Subject to the defendant's exception the following ordinance of the city of Cambridge was admitted in evidence: General Ordinance, c. 28, art. 8, Section 10: "Left turns prohibited. No driver of a vehicle shall make a left turn from Somerville Avenue into Massachusetts Avenue, westerly, excepting at a point beyond the northern end of the loading platform located in Porter Square." The defendant concedes that the ordinance was in effect at the time of the accident, and the exception does not raise any question as to its authenticity. See St. 1943, c. 190, amending G. L. (Ter. Ed.) c. 233, Section 75.
The defendant argues that the ordinance had no application to the facts in the present case because its bus at the time of the accident was not making "a left turn from Somerville Avenue into Massachusetts Avenue, westerly," within the meaning of the ordinance. The meaning of the ordinance is obscure. If its purpose was to prohibit a so called "U" turn such as the driver of the bus was making, it could only apply, strictly speaking, if it were attempted at a point opposite White Street where Somerville Avenue and Massachusetts Avenue meet, for otherwise there would be no "left turn from Somerville Avenue into Massachusetts Avenue." If it was designed to prohibit what the driver actually did here, it has not said so. At the time of the accident the driver was not making a left turn from Somerville Avenue into Massachusetts Avenue; he was
already in Massachusetts Avenue and had arrived there in a manner which did not violate the ordinance. He was making a left turn in Massachusetts Avenue and not from Somerville Avenue into Massachusetts Avenue. We find nothing in the ordinance that forbids this.
It is conceivable, as the defendant has argued, that the ordinance was designed to prevent one coming into Porter Square from Somerville Avenue from turning left and proceeding south on Massachusetts Avenue "excepting at a point beyond the northern end of the loading platform located in Porter Square." But even this interpretation presents difficulties because actually there can be no left turn south into Massachusetts Avenue from Somerville Avenue; such a turn can be made only after one is already in Massachusetts Avenue. But however that may be, it is enough for present purposes to say that the ordinance, fairly construed, does not reach the conduct of the driver in the case before us. The ordinance, being penal in nature, is to be strictly construed and is not to be enlarged to comprehend matters beyond its plain import. Commonwealth v. Hayden, 211 Mass. 296 . Libby v. New York, New Haven & Hartford Railroad, 273 Mass. 522 , 525-526. Peabody v. Campbell, 286 Mass. 295 , 304.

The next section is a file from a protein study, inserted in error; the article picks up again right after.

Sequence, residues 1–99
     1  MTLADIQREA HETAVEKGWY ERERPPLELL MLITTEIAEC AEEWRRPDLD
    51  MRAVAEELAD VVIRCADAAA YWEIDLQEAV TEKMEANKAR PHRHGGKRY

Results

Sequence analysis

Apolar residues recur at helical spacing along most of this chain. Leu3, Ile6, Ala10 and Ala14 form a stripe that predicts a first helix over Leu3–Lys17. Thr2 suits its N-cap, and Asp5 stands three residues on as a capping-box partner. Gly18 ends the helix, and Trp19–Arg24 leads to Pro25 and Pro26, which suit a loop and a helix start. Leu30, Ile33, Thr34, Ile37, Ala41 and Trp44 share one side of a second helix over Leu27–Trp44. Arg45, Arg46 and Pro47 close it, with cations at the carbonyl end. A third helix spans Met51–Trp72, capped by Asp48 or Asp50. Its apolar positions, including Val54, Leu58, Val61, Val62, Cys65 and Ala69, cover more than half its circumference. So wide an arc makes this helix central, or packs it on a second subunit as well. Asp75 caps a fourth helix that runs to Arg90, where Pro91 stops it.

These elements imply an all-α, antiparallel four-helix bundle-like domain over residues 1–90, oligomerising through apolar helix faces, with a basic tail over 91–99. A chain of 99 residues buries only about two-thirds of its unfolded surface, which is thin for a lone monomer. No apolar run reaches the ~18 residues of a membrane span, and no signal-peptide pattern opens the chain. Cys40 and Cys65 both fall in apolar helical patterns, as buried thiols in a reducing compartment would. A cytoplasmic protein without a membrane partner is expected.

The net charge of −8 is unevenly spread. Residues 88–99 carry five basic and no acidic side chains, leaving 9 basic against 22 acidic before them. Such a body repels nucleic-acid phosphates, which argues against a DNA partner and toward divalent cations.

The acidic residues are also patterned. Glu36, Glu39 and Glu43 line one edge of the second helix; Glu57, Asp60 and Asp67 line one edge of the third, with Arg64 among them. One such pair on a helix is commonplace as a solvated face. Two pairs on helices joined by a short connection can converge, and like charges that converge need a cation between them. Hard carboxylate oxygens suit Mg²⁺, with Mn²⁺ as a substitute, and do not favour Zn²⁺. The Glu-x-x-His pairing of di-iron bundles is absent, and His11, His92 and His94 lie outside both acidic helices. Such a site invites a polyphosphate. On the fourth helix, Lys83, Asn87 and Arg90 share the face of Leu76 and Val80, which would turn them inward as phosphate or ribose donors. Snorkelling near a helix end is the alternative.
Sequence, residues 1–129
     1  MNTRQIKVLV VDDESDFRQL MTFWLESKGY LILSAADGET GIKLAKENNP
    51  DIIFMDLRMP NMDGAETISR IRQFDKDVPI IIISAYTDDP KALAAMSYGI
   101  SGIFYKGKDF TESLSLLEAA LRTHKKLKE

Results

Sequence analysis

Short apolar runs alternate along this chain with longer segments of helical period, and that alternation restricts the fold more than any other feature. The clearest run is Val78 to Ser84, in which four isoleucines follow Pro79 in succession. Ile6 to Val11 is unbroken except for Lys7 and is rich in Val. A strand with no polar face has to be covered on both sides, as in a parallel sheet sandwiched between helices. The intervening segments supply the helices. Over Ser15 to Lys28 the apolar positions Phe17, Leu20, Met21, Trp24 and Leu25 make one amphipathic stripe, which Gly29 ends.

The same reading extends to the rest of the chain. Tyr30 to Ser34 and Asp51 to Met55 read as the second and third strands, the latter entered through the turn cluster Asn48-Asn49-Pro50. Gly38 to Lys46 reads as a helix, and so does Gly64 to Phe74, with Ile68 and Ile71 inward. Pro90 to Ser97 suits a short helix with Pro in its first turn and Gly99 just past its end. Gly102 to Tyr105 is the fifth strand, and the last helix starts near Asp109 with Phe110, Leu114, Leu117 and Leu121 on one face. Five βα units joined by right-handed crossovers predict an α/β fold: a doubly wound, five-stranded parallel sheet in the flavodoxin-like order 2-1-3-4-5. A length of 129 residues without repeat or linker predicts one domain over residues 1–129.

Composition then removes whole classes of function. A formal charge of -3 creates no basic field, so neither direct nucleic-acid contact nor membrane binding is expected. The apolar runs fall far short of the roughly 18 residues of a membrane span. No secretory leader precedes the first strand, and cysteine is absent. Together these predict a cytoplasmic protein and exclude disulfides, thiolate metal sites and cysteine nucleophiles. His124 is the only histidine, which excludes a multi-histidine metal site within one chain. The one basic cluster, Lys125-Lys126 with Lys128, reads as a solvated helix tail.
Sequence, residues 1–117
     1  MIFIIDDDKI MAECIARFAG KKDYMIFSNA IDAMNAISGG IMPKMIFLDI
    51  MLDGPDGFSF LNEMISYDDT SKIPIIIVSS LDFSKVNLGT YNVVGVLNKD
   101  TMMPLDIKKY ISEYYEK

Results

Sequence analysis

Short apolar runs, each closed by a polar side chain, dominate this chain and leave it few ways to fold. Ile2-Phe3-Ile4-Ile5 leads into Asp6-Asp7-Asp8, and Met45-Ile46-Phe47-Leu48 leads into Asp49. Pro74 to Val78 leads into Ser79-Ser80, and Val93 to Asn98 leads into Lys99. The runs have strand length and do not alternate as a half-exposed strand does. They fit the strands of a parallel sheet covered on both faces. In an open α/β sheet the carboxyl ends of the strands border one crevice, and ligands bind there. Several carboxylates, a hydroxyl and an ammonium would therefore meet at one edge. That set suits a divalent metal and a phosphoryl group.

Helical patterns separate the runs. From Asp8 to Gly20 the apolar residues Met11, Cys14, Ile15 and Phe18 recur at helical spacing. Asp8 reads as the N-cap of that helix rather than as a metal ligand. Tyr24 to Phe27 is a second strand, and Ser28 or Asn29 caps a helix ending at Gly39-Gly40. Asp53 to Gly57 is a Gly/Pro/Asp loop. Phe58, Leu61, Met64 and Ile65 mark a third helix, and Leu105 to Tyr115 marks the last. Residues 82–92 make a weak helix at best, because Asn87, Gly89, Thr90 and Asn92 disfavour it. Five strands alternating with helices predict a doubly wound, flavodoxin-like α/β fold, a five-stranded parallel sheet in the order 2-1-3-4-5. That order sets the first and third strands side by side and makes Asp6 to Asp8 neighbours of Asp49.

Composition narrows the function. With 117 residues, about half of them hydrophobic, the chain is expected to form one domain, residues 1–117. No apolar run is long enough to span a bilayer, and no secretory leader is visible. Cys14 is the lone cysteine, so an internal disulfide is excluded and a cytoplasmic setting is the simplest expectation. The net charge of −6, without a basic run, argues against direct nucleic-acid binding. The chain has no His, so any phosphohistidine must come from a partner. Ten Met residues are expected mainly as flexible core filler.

It follows that, since the ordinance was not applicable, there was error in admitting it in evidence. We cannot say that the error did not injuriously affect the substantial rights of the defendant (see G. L. [Ter. Ed.] c. 231, Section 132) especially since the judge in substance instructed the jury, subject to the defendant's exception, that they could find that the ordinance was violated, and that if it was, and the violation caused the accident, that would be evidence of negligence and might even be conclusive. Labrie v. Midwood, 273 Mass. 578 , 582. Lockling v. Wiswell, 318 Mass. 160 , 165.
Since the other exception was to that part of the charge that dealt with the ordinance, we need not discuss it; the question argued will not arise on the retrial of the case.